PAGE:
The country’s concentration of wealth in London and the southeast also means that school-age children outside London have vastly different experiences to Londoners with regards to role models in employment. In the legal sector, for example, there are several good social mobility initiatives already in existence. Both the Legal Social Mobility Programme and the Mentoring Works scheme bring students in state schools into certain City law firms for a week’s work experience, during which time they also gain experience of presenting and debating their opinions on current affairs and/or mentoring in preparation for university or employment. However, these schemes often focus exclusively on schools within London. HR professionals of big international companies need to look at how they can maximise their work experience programmes across the country and let students know before university that this is what they can aim for, rather than relying on word of mouth within the Russell Group.

HR also needs to be aware that times are changing. Young people no longer see a final salary or index-linked pension at the end of their careers, and even those with parental financial support are resigned to not being able to buy a house in the first 10 to 20 years of their working life. Combined with the rising cost of university, this means that millennials and the next generation are looking at university, seeing elitism and debt, and considering other options. HR professionals may need to re-evaluate selection procedures and rethink the idea of a (Russell Group) university degree as a guarantee of a candidate’s quality. Apprenticeships are now on the increase and, despite some criticism that they often involve young people working at a level below others of their age, many offer a clear career alternative to the traditional university route. At Charles Russell Speechlys we have welcomed two new Solicitor Apprentices this year in a rigorous six-year programme that will result in a law degree and qualification as a solicitor after a combination of work and study.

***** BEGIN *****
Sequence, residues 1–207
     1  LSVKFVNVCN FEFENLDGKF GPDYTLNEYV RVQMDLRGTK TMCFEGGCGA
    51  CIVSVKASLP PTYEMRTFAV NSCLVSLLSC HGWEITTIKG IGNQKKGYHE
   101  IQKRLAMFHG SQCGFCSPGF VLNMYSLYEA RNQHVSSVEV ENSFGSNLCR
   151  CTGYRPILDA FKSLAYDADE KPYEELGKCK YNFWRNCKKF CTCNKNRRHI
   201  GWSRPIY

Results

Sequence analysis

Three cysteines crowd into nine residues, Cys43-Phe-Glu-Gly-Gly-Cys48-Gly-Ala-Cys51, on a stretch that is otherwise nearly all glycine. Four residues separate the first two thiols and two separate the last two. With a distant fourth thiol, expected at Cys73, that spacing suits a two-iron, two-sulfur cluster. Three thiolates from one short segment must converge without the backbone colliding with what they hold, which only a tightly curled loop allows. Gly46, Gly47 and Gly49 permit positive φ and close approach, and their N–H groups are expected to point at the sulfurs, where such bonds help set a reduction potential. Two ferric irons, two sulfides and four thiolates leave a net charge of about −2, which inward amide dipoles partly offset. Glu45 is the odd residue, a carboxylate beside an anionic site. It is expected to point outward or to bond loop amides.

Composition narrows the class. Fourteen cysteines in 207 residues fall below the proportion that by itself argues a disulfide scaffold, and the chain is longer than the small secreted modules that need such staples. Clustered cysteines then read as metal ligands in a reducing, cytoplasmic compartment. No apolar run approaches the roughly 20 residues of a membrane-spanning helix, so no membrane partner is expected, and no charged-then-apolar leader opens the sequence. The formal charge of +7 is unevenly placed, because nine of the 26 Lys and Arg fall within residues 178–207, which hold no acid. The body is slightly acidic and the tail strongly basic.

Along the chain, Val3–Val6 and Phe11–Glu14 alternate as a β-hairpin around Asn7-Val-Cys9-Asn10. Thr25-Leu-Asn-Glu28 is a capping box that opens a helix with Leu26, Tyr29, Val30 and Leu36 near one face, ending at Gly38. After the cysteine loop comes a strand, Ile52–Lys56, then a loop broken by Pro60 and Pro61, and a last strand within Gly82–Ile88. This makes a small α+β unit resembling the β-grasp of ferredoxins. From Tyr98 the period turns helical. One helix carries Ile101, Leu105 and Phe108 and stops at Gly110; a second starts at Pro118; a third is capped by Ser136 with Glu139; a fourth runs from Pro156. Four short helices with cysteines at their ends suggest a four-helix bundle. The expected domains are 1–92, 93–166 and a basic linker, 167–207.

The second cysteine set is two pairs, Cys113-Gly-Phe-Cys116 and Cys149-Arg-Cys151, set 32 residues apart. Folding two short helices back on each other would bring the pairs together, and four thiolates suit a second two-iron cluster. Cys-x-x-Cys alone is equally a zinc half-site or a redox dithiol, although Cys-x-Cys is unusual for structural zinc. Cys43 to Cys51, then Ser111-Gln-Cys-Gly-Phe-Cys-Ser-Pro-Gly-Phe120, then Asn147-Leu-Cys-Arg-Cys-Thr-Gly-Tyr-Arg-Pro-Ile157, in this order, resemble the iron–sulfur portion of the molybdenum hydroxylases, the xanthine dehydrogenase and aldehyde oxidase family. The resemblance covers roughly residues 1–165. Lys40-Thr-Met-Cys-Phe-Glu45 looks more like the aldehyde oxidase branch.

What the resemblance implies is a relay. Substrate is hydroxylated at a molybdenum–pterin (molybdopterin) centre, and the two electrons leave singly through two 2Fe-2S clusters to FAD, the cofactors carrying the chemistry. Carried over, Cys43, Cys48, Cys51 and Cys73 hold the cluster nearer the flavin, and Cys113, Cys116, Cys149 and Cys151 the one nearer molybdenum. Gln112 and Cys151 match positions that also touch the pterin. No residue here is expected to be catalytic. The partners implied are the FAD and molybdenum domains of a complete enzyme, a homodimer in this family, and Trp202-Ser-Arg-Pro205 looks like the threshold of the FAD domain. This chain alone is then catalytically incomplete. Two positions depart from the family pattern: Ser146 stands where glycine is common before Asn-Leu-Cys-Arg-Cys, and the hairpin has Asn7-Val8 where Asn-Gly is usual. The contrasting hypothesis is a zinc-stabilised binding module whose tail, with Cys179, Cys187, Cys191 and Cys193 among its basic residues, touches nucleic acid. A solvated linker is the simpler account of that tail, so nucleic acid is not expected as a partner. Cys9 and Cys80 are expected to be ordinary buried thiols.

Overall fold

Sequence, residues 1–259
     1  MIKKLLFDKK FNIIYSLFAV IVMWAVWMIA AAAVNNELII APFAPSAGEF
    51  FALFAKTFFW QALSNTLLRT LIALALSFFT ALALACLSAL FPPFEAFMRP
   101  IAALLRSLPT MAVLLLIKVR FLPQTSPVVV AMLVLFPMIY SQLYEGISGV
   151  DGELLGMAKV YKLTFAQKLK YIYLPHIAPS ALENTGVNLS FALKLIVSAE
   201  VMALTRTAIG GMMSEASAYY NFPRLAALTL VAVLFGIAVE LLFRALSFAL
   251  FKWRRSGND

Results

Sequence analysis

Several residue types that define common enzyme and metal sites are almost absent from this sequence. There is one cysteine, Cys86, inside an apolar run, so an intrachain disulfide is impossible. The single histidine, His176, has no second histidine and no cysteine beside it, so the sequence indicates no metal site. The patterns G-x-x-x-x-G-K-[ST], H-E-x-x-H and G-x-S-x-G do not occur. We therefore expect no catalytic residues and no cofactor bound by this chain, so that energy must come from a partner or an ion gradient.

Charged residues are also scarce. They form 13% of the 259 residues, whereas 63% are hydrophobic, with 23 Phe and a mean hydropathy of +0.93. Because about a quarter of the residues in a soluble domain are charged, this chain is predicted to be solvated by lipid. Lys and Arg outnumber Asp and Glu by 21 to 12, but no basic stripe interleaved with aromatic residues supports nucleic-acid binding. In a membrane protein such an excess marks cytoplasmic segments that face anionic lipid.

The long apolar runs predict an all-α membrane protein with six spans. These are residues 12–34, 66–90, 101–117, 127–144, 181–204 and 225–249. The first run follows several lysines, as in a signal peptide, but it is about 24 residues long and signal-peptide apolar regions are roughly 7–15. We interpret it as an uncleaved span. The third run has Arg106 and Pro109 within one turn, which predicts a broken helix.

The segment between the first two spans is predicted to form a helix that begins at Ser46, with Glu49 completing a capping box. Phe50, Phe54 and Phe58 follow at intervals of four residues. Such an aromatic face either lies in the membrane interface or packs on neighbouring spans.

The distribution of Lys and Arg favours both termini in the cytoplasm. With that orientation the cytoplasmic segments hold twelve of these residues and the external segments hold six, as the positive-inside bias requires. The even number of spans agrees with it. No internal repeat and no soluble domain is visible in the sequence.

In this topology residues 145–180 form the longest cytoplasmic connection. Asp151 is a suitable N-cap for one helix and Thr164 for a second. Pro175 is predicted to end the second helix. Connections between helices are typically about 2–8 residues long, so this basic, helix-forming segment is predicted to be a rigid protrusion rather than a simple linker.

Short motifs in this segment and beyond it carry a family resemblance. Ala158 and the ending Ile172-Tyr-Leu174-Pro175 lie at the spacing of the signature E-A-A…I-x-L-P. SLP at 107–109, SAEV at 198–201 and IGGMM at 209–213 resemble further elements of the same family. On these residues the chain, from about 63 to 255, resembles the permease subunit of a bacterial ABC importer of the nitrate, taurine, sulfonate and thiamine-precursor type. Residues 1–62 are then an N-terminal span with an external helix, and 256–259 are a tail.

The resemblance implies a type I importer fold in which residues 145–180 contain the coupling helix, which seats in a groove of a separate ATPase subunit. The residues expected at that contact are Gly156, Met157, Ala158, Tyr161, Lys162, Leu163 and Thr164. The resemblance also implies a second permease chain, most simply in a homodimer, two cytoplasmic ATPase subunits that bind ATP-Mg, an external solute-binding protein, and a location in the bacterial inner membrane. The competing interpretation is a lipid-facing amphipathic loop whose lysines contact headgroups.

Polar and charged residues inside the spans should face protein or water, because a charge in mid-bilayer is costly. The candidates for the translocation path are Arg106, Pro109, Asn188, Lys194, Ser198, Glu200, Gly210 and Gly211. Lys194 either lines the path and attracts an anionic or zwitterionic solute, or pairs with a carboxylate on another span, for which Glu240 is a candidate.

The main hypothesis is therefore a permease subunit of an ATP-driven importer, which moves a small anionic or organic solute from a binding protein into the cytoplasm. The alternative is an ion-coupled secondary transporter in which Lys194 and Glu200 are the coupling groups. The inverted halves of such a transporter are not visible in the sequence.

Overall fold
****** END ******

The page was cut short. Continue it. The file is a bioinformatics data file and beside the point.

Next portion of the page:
Above all, HR practitioners need to ensure that these new ways of thinking about graduate recruitment are not merely lip service. The most significant proportion of senior managers, directors and partners are white privately-educated men. They need to be positively engaged in these practices, given training on unconscious bias by the HR department, and where possible brought in to actively engage with candidates from backgrounds different to their own, whether through social mobility schemes or job interviews. Issues on equality within graduate recruitment are being scrutinised more in the current climate. Making sure they are front and centre of HR is always good PR, but more crucial is the need to innovate and challenge unconscious bias to combat skills shortages.